I was studying to be a minister when I fell in love with another minister. It was a relationship that couldn’t be. I wasn’t even willing to consider pursuing it, because of what it would have jeopardized for both of us, but especially for the career that she had established.
Going to seminary was my way of trying to figure things out: to find the answers. Not just as a lesbian, but also as a woman. I feel like homophobia is misogyny twisted even further. It was my way of figuring out what I really believed about being female and about being gay.
When you come from a very conservative religious background—and then finally acknowledge and accept the fact that you’re gay—you turn a corner and suddenly there’s nowhere to go.
How do you find LGBTQ communities in conservative places? You don’t just ‘jump’ easily from one community to another. You don’t just come out and boom—there’s a community there for you.
I knew virtually no openly gay people. And how could I be effective in that role if personally I was so unfulfilled? I just didn’t see it as possible. So I left seminary.
When I did go through the experience of finally coming out, even just to myself, I lacked a strong community, which left me vulnerable. It was in that vulnerability that I ended up in a domestic violence situation for a good chuck of my life, that left me even more isolated outside of the gay community.
I had been isolated for so long that by the time I turned 34, I didn’t know where to go. I didn’t feel comfortable going back to any church community. I finally got the courage to walk into a gay bar in Muncie one day and try to find a new place to be.
In some ways, this LGBTQ community brought me back to life.
Even if it was just to get a coke, it became the place where I could go and be safe and be OK and have something positive and meaningful in my life. It was just a bar, but it was so much more than that.
Walking in and having a bartender greet me every time: I don’t think I had smiled in so long.
People at the bar didn’t assume I was gay. They didn’t know, and they didn’t care. When I would strike up conversations with people, they would say, “I don’t know if you’re gay or if you’re straight.” It just struck me as being strange—but nice. To not have there be any assumptions. Whatever my answer was, was fine.
Some of the smallest things about being in that community ended up being the most impactful. Just seeing people sing karaoke. Sing with you. Singing well. Singing poorly. It didn’t matter. All voices had a place.
If you’ve not had a community, to suddenly have it is indescribable, even with all its imperfections. Any community is going to have drama. It’s going to have stress. It’s going to have all sorts of things. But it’s a beautiful thing. If you’ve never had it, you can’t understand just how life-changing it can be.
I’m now a lot more comfortable being open. There are some situations where I still choose to not come out, but I’m a lot less hesitant to hide the fact that I’m gay. I know that I have a place to go back to where it is OK, and that has made a big difference. When I talked to one of my best friends, he said, “When you first walked in the bar, you wouldn’t even look at anyone. You couldn’t look people in the eye. You were so quiet, so soft spoken. You’re not the same person that you were.” I know a lot of those changes have come about because of the people in my community who were just happy that I was there, happy that I was there as me. People simply reflected back to me my own worth as a human being.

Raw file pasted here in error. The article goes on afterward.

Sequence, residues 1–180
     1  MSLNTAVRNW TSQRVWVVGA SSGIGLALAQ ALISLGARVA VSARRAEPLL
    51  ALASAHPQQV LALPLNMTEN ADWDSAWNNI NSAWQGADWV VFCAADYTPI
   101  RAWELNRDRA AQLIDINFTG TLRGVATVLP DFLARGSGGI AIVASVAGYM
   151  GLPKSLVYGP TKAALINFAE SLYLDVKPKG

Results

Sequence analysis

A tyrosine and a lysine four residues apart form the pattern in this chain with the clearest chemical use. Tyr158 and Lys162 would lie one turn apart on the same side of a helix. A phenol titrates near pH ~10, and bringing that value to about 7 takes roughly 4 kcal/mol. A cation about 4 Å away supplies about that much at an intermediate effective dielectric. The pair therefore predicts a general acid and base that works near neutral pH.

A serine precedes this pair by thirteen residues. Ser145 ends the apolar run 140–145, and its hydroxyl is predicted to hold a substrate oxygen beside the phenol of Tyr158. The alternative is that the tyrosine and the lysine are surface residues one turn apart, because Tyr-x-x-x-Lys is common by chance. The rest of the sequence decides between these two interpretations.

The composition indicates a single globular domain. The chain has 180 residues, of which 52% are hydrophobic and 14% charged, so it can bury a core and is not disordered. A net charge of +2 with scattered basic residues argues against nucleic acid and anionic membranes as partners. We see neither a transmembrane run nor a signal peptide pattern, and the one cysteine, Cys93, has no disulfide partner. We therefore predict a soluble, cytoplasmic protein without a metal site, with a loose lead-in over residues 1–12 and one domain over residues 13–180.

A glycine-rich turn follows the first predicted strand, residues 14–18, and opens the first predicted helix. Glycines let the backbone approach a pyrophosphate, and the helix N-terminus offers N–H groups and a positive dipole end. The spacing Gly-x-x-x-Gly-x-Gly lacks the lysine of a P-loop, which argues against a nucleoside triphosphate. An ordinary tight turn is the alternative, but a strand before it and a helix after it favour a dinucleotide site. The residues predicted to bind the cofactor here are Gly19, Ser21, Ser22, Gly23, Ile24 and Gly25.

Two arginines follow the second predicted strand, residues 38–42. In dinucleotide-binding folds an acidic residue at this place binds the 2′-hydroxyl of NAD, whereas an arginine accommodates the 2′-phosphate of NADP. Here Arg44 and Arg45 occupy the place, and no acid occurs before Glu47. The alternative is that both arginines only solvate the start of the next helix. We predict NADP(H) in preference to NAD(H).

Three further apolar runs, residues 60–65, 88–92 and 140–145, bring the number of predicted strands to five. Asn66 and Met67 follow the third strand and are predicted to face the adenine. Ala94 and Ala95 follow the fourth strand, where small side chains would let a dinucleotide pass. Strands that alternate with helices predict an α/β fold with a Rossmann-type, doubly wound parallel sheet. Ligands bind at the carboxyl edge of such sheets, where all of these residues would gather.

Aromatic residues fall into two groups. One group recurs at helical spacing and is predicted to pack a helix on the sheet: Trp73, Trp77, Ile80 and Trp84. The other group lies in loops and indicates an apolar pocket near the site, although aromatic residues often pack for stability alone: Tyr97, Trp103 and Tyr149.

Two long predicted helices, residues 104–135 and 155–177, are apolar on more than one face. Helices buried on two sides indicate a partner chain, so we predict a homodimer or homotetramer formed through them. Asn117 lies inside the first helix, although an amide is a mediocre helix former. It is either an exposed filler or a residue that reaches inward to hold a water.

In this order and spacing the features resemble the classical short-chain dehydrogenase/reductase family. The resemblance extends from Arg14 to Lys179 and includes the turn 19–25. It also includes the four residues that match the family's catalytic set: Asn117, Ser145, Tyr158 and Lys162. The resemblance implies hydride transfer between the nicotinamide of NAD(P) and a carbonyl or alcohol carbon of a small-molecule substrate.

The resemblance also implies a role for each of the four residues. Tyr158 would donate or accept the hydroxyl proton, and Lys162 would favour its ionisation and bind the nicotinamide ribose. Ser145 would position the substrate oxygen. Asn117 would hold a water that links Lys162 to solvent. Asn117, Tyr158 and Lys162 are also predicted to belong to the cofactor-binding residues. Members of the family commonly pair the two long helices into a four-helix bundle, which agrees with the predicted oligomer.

I think the thing that I learned when I fully embraced being a part of the LGBTQ community in Muncie—I learned that it’s OK to just be, to just have fun and live. Especially growing up in the church, I don’t think that we do a good job of just living in the moment and enjoying things because they’re enjoyable. There’s this mentality that some of us that still have—if it’s enjoyable for the sake of being enjoyable, it must be bad.
Now I’m planning a wedding with my fiancé. Being part of a community and finding my life partner have amplified every emotion. I’m scared our rights and our safety are at risk.
I have this fear of: “What happens if I get sick?” The thought of me getting sick, or her getting sick, and not having the legal ability to care for one another is terrifying.
We’re hoping to get married mid-year, but I worry if it’ll still be legal by then. Is a tweet from the President going to come out denying us marriage equality? Part of me wants to rush out and get married in a week, with hopes that the validity of previously legal marriages might be tweet-proof. But I also want a wedding. Not anything huge or extravagant. I just want the people I care about to be there—our family and our community.
– Melanie Jones’s Story as Told by Cheri Ellefson
Melanie is originally from Middlebury, Indiana and is a graduate of Anderson University. She has worked in Muncie for over 10 years and currently resides in Alexandria.
Cheri Ellefson teaches gender and international women’s issues courses at Ball State University and offers community workshops on ‘unlearning gender.’ She co-owns Queer Chocolatier with her wife and serves on the advisory board for the Center for Peace and Conflict Studies.
This story originally appeared in Facing LGBTQ+ Pride in Muncie, a publication of The Facing Project that was organized by Muncie OUTreach in Muncie, Indiana.